Some people around Lubbock have seen panhandlers for 20 years. Some people call them "professional panhandlers" because it is the way they make their living and pay their bills. The panhandlers we followed hitch a ride with friends to the strip and they spend hours telling you stories they want you to believe.
They beg for your money on 98th Street next to "The Strip" in Lubbock County. People who work at the surrounding businesses say bums have been permanent fixtures. "From how I understand it, they've been doing it for quite a while," said Helen Green, an employee at Smokin J's.
But who are these beggars? What's their story? Better yet, are they telling you the truth, or are they corner crooks?
NewsChannel 11 staked out the corner where two bums beg for money on a regular basis. For two days, we found other people begging. For one man, his truck apparently broke down. We did find he was legitimate after we followed him to a mechanic. But it was what he did before that you may find disturbing. He bought beer with some of the that money and shared it with one of the other beggars. That beggar is named Rick. He is the man with the one leg. "I don't use the money that I make out here to buy my beer or anything like that," said Rick.
Rick says he uses the money he makes for medical purposes or to pay his bills. Sometimes he'll write on cardboard that he needs money to pay for storage or for house payments. But when we asked if he lives alone? "Sometimes I do. But most of the time, I stay with friends," said Rick.
"How long have you been doing this?" asked NewsChannel 11. "A few months," answered Rick. But some workers have seen him begging at least one year, maybe more than that.
Workers have also seen Jerry on the corner. He is the beggar who uses a walker with a sign tied to the front. Jerry claims he is terminally ill and has been for five years with lung and colon cancer. "I have never scammed nobody out of nothin," Jerry said.
You need to be the judge of that. When we followed Jerry, we caught him smoking. Then later that day, we followed Jerry after he was picked up by his friends. They stopped at Hoot's Liquor, Beer and Wine and bought a case of beer.
We confronted Jerry a week later about what we saw. "They guy who picks me up drinks, but I don't. I do not drink. I do smoke occasionally," said Jerry.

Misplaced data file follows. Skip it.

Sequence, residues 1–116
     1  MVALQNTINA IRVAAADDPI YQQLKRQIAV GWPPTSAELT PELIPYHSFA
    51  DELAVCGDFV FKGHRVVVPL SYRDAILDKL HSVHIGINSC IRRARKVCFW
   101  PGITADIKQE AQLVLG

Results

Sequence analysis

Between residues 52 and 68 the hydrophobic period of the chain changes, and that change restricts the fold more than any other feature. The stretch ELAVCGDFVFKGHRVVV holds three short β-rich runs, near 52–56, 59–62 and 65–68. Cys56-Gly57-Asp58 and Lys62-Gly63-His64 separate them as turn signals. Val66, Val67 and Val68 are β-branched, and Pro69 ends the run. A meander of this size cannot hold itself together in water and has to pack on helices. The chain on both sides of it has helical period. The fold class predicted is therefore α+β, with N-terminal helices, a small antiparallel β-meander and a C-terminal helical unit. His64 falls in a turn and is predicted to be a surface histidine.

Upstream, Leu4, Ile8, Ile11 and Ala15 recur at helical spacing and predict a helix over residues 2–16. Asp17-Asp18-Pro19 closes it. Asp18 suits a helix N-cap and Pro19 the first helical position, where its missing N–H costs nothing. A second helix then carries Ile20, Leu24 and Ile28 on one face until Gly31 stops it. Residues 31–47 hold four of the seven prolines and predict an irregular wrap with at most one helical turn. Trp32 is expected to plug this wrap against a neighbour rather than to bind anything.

So how does Jerry spend the money he is given if he does not spend it on alcohol? "I use the money to buy food and bills. Social Security only gives me $400 a month. And that is not enough to make a living," said Jerry.
Major Mark Satterlee of the Salvation Army says he hears the same story all the time. His recommendation? Don't give panhandlers cash because you never know how they really use the money. "Just to hand cash out the window to someone who says they're needy is just making a big problem worse. Because chances are, if they couldn't be responsible with their money before, they're not going to be responsible for the money you give them," said Satterlee.
"You have to understand that people might think you're scamming them because you pick a corner that's adjacent from The Strip," said NewsChannel 11 to Jerry. "Well, if I wanted to be at the liquor store, I'd be standing on that side just like that guy over there is," he said.
However, worker Helen Green believes these guys are legitimate. "Do you think any of these guys are scamming?" asked NewsChannel 11. "Some of them I really don't know. I know the one with the walker is not. I don't think Rick is," said Helen.
Are these people corner crooks? Again, you be the judge. At least now, you know more about the panhandlers who stand on 98th Street next to The Strip asking for your generosity and your money.
So what about the law? Are these panhandlers breaking it? We called Lubbock County, and as far as they know, it is not against the law to panhandle as long as they are on public property. Plus, the county says they do not receive many complaints either.